• The backside of the Judge mat should contain a numbered list of steps for game setup, including placing terrain cards.
• The front of the Judge mat should list game turn order - e.g. start turn, shuffle and resolve Momentum, etc. This would help to remember all steps during play. It should also list the actions that monsters can take during their turns, even if that's only "Move" and "Attack".
If you're going to run the print-and-play, try sleeving your cards! I want to try this and see if it makes play easier.
Open Questions / Concerns
• Will new players be able to figure out how to coordinate to knock enemies to the Momentum track edge and then kill them? Will they still enjoy playing if it takes them a long time to learn?
• Some discussions I've read about Thornwatch express dissatisfaction with the Momentum system, and how player progress "resets" every turn. I really like the Momentum system, but I can see how this could be an issue.
What I Can't Judge Yet
• Actual players
• I do not feel this gave me insight into class balance (i.e. are any of the Thornwatch classes more powerful than others). I'd need to play many more games.
• I like the idea of every class having a skill that can only be activated during other player's turns. I didn't get to use this during play, so I'm interested to see how it pans out.
Should you try the print-and-play?
Yes. It's fun! Be warned you'll have to spend time on cutting and setup.
Should you buy Thornwatch?
You should get this game if:
• You have friends who don't like D&D, character sheets, or heavy roleplaying, but you enjoy gaming with them anyway
• You want an easy and fast game that makes a good story later
• You like introducing new, shy, or casual gamers to roleplaying or tactical games
• You enjoy creating your own enemy types, skill cards, map rules, objectives, or mechanics to make something new
• You like any game if it has great art
You should not get this game if:
• You don't like cooperative games (or maybe only play as the Judge?)
• You hate coordinating with other players (e.g. to focus on an enemy and eliminate them)
• You hate the idea of "resetting progress" if you damage an enemy but it doesn't die that round
9/10. Lots of fun, easy to pick up, great art, good mechanics. There is lots of replayability as you try out different party combinations, character decks, scene goals, scene mechanics, and monster types. Can't wait to play more.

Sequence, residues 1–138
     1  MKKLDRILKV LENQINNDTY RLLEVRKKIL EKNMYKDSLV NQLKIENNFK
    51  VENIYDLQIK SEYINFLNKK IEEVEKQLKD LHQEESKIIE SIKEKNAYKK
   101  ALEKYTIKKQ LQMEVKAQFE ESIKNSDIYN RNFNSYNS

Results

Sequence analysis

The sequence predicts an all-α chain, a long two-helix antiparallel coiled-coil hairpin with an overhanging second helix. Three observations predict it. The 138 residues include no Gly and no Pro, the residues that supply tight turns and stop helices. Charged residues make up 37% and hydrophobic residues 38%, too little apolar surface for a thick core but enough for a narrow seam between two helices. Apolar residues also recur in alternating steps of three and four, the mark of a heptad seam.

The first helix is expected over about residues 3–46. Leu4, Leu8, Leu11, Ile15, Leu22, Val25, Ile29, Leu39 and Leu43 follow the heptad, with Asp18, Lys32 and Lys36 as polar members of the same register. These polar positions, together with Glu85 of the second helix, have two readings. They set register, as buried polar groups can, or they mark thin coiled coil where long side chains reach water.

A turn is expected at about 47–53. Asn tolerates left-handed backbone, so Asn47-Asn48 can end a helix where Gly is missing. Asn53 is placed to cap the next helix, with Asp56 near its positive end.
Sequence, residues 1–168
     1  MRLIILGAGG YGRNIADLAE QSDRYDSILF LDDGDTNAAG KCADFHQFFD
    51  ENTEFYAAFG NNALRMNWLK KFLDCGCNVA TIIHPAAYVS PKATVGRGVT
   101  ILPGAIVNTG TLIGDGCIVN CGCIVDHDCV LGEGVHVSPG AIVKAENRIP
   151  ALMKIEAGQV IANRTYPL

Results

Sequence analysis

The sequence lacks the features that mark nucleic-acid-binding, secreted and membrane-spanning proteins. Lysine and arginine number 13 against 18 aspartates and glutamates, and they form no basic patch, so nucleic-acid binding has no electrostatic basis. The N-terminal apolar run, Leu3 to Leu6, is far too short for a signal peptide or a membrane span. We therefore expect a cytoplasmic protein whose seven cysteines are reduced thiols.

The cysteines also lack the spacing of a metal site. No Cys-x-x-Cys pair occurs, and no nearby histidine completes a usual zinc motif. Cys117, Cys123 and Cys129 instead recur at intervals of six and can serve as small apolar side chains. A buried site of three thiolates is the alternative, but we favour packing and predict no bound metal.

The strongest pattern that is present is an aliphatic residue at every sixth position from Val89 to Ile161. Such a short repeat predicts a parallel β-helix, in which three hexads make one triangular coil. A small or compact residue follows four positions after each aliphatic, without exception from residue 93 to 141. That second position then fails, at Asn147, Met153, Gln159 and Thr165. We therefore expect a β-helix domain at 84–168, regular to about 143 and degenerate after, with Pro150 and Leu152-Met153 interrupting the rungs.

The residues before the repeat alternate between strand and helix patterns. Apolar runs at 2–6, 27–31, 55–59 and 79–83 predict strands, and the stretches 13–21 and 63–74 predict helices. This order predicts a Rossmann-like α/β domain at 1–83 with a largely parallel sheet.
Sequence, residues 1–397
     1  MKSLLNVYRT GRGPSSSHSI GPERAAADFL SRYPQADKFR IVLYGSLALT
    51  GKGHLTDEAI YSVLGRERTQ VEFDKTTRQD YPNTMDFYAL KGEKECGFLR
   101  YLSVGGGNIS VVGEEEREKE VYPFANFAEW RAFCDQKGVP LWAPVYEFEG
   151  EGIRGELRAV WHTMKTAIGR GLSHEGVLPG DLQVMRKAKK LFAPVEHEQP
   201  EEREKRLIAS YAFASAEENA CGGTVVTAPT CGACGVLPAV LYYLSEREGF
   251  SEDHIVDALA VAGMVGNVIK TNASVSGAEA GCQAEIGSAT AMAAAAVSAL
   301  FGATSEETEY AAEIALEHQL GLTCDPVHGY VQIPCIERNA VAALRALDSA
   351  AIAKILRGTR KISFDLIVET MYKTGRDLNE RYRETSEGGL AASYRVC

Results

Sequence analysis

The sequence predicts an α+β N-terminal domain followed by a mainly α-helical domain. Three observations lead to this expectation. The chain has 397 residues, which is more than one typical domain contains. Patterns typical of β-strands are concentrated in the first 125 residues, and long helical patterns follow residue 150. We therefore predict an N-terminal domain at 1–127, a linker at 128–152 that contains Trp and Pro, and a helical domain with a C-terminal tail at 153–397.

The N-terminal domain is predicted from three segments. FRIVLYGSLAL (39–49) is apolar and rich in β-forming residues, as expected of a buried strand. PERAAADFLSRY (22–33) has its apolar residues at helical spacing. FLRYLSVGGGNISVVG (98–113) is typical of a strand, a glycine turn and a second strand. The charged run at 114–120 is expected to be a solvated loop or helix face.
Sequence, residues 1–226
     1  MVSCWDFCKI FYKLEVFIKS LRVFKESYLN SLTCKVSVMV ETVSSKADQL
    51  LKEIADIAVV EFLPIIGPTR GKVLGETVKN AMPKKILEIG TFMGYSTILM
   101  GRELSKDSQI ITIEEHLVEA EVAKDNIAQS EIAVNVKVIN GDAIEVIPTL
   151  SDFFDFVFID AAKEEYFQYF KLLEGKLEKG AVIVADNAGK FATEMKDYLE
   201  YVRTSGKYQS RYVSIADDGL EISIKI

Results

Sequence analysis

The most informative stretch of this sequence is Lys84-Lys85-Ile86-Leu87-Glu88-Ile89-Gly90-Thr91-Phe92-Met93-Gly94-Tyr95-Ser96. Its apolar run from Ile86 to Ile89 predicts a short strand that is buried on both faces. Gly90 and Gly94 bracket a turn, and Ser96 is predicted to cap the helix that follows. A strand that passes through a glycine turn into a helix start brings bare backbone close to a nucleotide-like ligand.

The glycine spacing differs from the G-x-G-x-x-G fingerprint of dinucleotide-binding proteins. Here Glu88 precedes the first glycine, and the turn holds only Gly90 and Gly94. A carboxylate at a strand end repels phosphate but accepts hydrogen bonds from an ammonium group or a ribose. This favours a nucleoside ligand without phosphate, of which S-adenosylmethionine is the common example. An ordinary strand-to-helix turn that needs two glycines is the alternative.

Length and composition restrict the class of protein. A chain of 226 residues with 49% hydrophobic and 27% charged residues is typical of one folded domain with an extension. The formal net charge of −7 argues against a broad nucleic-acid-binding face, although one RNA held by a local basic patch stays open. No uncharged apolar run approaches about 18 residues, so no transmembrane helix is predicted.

Thanks for reading!
Edit: Added game version: 0.7; added explanation/impression of Momentum system; inserted some images inline; added image credits
- Last edited Mon Oct 3, 2016 5:36 am (Total Number of Edits: 3)
- Posted Thu Sep 29, 2016 6:00 am
Some of the rules seemed unclear. Does the Judge draw from Ebb Well terrain on the first turn, or only after that? Can the Guard move Huge creatures with their Lure skill? Huge creatures take up two spaces - can they go to *any* adjacent area when moving? Does each 1 "success" from player damage move an enemy 1 space closer to the Momentum edge, or is it 1 space per attack? The Judge and players take turns moving Villager tokens around the map, but do they *have* to move a Villager?
These are all good questions. Here are some answers.
1. The Judge can draw from it on the first turn.
2. The Guard can do so, but must follow the rules of Huge and move 1.
3. They can go to any space that touches either of the spaces it is in.
4. Each success. You can knock an enemy from the root to the edge in one swing with a particularly potent attack.
5. Either can say "this Villager pawn's movement is 'stay right here'," and then that Villager can't be moved again that turn.
Hope that helps!
Hi Mike - thank you very much for the answers! This is great
These mechanics work pretty much how I expected, so that's good news. I'll keep this in mind during future sessions.
Hi Mike - thank you very much for the answers! This is great
These mechanics work pretty much how I expected, so that's good news. I'll keep this in mind during future sessions.
Happy to help!